Ten Years of Sanctions Aginst Iraq Have

Agence France Presse
July 18, 2000

A decade of sanctions against Iraq has "completely failed," and a new approach is called for, the former UN humanitarian aid coordinator to Iraq, Hans von Sponeck, told AFP in the run-up to the 10th anniversary of Iraq's invasion of Kuwait.

Von Sponeck, who resigned from his post in February to protest at the continuing sanctions, said the Iraqi experience had shown that "sanctions have completely failed in a dictatorship environment."

"We have to give an another approach a chance and be honest. We have to sit with the Iraqis at the same table," said von Sponeck, who was taking part in a closed-door three-day conference here on the future of Iraq organised by the Centre for World Dialogue and attended by about 30 international researchers and experts.

"The unthinkable is not so unthinkable now and we have to break this Berlin wall between Iraq and the rest of the world," von Sponeck said. "Being against the sanctions does not mean to be for Saddam Hussein," he added. He said the UN "oil for food" deal was not working. Under the deal, introduced at the end of 1996, Iraq is allowed to sell limited quantities of oil in order to purchase essential goods under UN supervision.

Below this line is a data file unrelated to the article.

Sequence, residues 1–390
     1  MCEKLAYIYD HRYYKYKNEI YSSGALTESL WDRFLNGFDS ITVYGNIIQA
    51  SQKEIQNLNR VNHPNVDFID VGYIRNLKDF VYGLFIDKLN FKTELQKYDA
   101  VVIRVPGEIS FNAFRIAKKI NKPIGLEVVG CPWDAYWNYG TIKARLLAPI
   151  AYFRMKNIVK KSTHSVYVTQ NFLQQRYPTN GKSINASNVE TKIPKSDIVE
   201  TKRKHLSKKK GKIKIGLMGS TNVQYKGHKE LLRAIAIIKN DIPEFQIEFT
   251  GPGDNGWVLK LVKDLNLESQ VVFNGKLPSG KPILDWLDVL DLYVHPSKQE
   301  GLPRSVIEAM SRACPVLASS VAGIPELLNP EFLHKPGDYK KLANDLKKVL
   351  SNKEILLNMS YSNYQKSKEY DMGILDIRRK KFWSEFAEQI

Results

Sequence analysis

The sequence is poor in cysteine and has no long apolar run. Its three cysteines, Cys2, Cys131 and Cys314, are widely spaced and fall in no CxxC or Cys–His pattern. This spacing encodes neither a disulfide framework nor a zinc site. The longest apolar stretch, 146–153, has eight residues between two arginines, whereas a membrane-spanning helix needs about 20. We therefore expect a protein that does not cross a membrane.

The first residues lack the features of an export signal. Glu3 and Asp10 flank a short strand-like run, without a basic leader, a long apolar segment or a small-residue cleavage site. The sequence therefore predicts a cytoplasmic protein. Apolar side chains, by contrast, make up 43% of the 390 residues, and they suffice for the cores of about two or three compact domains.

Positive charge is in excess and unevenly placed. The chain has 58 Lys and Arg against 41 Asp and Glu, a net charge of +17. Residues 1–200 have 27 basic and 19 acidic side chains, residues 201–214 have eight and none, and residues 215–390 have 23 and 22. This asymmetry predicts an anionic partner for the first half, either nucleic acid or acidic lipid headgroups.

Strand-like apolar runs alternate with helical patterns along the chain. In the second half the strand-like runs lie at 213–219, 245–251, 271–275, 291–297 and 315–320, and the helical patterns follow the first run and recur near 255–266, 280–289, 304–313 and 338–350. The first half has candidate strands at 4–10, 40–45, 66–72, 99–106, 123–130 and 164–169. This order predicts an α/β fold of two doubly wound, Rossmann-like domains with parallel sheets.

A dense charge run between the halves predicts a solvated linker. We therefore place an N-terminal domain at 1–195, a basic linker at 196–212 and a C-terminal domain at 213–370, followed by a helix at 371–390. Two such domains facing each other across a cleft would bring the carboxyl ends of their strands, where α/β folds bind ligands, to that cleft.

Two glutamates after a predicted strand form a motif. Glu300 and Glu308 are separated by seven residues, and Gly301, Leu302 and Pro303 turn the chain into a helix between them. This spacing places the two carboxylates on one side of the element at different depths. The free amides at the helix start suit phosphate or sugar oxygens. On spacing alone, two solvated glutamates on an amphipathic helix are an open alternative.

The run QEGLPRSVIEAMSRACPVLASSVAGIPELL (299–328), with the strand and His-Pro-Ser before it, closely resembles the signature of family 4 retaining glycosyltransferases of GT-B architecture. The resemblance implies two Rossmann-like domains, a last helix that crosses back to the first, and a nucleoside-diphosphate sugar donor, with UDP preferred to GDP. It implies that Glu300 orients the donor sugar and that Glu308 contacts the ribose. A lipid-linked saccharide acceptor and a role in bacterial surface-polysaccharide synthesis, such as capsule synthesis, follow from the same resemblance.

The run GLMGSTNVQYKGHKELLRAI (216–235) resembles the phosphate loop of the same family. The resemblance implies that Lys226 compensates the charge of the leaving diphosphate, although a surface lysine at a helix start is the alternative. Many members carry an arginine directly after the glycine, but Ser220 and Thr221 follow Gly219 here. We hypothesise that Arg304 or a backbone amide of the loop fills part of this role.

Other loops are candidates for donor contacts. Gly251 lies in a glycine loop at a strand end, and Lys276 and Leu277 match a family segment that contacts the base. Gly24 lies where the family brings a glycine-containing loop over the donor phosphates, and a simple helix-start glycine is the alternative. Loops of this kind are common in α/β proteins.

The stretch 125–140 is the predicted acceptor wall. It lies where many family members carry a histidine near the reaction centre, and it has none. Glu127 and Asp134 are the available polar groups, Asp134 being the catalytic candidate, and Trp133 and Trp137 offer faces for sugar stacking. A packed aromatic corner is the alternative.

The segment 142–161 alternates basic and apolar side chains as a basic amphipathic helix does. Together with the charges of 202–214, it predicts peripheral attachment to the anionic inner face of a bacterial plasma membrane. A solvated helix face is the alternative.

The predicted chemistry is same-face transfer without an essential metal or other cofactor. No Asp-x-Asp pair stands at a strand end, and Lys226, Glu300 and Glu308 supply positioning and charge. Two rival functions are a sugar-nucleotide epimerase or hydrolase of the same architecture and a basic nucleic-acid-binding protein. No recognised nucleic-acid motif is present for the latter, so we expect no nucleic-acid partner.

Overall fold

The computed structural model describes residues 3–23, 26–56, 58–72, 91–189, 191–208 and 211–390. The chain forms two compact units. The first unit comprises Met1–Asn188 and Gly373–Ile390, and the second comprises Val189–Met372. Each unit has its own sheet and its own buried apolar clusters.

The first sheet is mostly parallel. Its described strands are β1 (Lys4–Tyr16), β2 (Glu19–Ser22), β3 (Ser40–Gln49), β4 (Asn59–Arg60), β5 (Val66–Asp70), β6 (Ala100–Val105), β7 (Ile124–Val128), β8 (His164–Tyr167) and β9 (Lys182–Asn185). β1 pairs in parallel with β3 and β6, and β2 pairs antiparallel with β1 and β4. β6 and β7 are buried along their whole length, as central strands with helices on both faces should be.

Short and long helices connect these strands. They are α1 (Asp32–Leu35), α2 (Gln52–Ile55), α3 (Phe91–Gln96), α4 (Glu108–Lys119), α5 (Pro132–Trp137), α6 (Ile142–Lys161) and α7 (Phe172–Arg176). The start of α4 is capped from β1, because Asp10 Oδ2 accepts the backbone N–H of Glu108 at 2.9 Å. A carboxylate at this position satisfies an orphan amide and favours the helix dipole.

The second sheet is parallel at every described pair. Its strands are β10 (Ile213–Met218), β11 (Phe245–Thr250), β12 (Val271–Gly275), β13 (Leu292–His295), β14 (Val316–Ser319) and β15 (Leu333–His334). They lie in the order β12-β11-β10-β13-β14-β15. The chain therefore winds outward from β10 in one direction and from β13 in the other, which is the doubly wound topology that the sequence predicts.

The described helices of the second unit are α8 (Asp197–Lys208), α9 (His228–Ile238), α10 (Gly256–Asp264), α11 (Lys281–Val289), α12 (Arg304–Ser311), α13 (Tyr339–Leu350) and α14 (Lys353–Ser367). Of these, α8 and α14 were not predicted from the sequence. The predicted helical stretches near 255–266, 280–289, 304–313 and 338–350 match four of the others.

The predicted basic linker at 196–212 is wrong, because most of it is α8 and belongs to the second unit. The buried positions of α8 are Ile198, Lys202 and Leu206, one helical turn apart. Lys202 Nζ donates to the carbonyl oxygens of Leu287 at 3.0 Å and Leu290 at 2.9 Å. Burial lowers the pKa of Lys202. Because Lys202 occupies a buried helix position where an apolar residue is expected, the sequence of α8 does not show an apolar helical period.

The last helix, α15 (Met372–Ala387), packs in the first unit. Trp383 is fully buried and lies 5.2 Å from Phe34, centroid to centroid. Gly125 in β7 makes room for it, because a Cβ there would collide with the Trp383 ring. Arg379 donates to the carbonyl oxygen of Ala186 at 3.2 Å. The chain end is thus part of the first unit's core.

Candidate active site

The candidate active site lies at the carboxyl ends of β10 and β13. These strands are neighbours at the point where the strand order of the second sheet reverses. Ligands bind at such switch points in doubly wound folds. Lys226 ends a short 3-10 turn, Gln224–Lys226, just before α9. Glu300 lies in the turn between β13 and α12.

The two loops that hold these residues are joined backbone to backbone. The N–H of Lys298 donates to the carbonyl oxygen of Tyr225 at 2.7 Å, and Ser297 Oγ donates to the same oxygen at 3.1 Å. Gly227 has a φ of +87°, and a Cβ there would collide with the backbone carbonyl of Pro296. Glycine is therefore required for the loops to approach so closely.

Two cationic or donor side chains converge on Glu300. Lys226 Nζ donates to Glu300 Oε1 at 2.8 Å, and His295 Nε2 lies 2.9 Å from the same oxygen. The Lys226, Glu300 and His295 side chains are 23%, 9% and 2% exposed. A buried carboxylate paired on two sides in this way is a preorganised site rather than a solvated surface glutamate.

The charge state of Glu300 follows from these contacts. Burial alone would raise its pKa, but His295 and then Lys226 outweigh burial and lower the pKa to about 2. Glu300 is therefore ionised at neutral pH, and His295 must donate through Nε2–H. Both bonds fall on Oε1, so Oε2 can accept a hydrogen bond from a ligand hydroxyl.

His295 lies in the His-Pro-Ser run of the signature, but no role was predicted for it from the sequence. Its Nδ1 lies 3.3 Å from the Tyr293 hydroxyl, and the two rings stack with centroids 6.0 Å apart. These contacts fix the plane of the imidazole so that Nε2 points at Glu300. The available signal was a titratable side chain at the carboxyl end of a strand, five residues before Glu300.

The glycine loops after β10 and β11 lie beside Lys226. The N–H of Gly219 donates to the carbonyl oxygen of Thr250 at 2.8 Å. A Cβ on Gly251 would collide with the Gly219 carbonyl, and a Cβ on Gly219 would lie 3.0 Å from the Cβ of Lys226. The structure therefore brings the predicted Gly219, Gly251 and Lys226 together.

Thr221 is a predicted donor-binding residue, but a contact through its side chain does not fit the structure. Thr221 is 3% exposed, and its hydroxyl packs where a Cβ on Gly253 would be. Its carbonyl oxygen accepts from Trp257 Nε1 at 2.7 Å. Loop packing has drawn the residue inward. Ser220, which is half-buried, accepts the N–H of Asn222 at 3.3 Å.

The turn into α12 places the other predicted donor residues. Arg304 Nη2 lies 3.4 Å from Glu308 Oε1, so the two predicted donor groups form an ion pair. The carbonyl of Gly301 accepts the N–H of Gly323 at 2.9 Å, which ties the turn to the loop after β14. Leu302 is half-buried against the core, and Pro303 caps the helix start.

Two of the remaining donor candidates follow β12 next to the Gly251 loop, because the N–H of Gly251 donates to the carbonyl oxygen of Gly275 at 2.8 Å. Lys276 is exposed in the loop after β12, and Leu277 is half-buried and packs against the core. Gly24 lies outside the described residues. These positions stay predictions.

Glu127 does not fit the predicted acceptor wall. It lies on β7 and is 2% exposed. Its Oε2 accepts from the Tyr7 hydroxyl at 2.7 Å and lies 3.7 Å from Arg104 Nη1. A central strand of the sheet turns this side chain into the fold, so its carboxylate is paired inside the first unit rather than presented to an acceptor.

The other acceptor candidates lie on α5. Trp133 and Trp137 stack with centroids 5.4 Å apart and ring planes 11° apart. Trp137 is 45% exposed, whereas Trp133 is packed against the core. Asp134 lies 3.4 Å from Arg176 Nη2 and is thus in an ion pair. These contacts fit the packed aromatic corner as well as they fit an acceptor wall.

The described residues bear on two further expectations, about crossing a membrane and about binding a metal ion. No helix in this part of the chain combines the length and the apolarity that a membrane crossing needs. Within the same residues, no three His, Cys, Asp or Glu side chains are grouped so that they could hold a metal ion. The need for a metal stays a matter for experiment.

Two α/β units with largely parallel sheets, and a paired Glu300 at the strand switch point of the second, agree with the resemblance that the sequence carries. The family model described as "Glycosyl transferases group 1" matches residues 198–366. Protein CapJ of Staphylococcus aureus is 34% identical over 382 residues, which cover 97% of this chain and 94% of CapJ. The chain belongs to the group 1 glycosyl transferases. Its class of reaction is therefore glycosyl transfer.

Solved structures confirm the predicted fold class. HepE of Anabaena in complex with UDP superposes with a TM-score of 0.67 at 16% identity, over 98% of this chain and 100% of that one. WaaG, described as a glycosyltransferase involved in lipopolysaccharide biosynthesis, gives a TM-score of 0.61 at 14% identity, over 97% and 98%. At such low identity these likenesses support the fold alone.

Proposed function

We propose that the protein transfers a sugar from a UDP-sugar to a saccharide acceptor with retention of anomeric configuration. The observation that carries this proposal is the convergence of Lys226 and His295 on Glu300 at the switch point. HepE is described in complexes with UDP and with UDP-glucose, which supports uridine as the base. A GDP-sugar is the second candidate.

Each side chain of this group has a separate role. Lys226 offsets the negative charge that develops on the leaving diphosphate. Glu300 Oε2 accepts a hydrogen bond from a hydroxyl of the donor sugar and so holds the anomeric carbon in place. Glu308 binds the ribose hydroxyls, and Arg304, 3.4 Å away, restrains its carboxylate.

Describing the situation for civilians in Iraq as critical, he listed the diseases -- diarrhoea, respiratory problems and malnutrition -- from which Iraqis, and especially children, are suffering. Iraqis who had grown up under sanctions belong to a "refrigerator generation," he said, adding: "We'll never be able to give them back what they lost all these years."

More Articles on Iraq Sanctions
More Articles on the Iraq Crisis